EFISCEN is mostly used as a tool to evaluate and compare different scenarios. Scenarios can be defined in terms of management regime and expected wood demand, changes in forest area and increment level (e.g. due to climate change).
Management with regards to harvest is controlled at two levels in the model. First, for each forest type a basic management of thinning and final felling is incorporated. This theoretical management regime defines age limits for thinning and final fellings according to handbooks or expert knowledge for forest management in the region or country to be studied. This theoretical regime must be seen as constraint of what might be felled. Second, total required harvest volumes (or wood demand) from thinning and final felling are specified for a region or country as a whole for each time period. The demand for wood is usually derived from statistical sources and/or external models. Based on the theoretical management regimes, the model searches and might find, depending on the state of the forest, the required volumes.
During thinning and final fellings, logging residues consisting of stem parts, branches, foliage and coarse roots are produced. A share can be specified defining the amount of logging residues that should extracted from the forest, e.g. for energy purposes. Logging residues that are not extracted remain in the forest to decompose.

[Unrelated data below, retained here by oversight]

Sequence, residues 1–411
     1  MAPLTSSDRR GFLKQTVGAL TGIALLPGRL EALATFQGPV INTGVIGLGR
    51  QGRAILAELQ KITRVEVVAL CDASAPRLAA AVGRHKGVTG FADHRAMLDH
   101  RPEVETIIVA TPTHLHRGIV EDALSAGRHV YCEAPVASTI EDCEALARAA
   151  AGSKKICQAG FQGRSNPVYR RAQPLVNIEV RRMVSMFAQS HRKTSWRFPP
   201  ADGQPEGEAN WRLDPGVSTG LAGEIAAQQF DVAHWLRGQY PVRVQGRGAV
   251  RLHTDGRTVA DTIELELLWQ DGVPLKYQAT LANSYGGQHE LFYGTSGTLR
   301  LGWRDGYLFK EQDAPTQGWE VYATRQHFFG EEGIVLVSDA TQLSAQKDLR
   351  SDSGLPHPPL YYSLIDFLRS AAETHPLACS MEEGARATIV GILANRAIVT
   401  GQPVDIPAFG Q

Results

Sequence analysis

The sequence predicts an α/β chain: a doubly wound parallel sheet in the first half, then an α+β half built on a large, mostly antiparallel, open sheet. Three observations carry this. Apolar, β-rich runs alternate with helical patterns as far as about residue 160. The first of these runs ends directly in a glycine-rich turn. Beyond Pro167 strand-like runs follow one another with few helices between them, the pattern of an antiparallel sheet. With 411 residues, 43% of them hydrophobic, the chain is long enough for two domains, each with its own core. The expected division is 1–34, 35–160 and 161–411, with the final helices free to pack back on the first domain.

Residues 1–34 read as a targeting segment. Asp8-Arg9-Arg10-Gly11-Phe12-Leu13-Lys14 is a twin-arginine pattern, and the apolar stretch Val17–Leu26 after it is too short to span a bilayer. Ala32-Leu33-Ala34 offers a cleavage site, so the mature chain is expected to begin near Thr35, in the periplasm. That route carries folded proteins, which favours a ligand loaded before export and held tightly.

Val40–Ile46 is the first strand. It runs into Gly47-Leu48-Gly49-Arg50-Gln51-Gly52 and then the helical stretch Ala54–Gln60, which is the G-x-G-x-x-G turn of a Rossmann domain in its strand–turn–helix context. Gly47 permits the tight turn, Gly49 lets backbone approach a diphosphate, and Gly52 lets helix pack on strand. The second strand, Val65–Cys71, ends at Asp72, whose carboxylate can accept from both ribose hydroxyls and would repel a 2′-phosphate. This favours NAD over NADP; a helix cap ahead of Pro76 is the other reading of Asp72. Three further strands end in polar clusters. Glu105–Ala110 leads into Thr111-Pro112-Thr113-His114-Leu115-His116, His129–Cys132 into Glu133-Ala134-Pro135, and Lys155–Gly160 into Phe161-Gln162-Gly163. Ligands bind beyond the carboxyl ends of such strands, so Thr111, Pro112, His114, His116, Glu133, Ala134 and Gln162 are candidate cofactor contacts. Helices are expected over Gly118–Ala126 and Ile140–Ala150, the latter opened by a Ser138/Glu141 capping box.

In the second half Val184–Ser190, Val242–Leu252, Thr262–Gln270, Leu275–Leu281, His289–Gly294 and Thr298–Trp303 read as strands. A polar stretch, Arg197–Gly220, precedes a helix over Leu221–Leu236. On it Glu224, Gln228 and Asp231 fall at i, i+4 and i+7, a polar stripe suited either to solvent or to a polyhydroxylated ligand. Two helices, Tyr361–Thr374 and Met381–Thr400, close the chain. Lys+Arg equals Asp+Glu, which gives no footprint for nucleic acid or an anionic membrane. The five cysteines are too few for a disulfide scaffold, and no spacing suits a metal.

It is possible to take afforestation and deforestation into account. The user can add or remove area per tree species in each time step of the simulations. The maximum area for deforestation in one time steps equals the area in the bare-forest-land-class, but in that case also no regeneration will occur.
The model can simulate the development of the forest for decades. For various reasons, e.g. climate change, increment rates may change during long simulation periods. The model can take into account such changes in increment rate by defining an expected relative change. The basis of the increment calculation is always the increment as calculated by the incorporated growth functions, which are based on the inventory data. The new increment rates are defined relative to the basic growth functions. The expected relative change can be defined per time step, by forest type and age class and are usually derived from external models.